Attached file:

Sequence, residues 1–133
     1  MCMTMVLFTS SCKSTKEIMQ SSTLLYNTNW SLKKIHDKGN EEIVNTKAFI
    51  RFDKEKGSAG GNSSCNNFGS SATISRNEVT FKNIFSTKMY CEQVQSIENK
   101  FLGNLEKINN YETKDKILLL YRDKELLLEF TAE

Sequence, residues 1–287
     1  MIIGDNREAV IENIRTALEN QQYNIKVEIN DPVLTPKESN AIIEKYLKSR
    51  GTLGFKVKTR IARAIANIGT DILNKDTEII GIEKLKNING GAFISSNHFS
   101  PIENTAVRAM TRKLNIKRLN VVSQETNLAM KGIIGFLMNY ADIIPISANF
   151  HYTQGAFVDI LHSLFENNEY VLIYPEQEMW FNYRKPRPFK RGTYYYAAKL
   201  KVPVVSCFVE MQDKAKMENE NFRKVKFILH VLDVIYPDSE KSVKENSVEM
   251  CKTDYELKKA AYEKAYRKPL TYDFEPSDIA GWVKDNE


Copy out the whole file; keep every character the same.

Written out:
Sequence, residues 1–133
     1  MCMTMVLFTS SCKSTKEIMQ SSTLLYNTNW SLKKIHDKGN EEIVNTKAFI
    51  RFDKEKGSAG GNSSCNNFGS SATISRNEVT FKNIFSTKMY CEQVQSIENK
   101  FLGNLEKINN YETKDKILLL YRDKELLLEF TAE

Sequence, residues 1–287
     1  MIIGDNREAV IENIRTALEN QQYNIKVEIN DPVLTPKESN AIIEKYLKSR
    51  GTLGFKVKTR IARAIANIGT DILNKDTEII GIEKLKNING GAFISSNHFS
   101  PIENTAVRAM TRKLNIKRLN VVSQETNLAM KGIIGFLMNY ADIIPISANF
   151  HYTQGAFVDI LHSLFENNEY VLIYPEQEMW FNYRKPRPFK RGTYYYAAKL
   201  KVPVVSCFVE MQDKAKMENE NFRKVKFILH VLDVIYPDSE KSVKENSVEM
   251  CKTDYELKKA AYEKAYRKPL TYDFEPSDIA GWVKDNE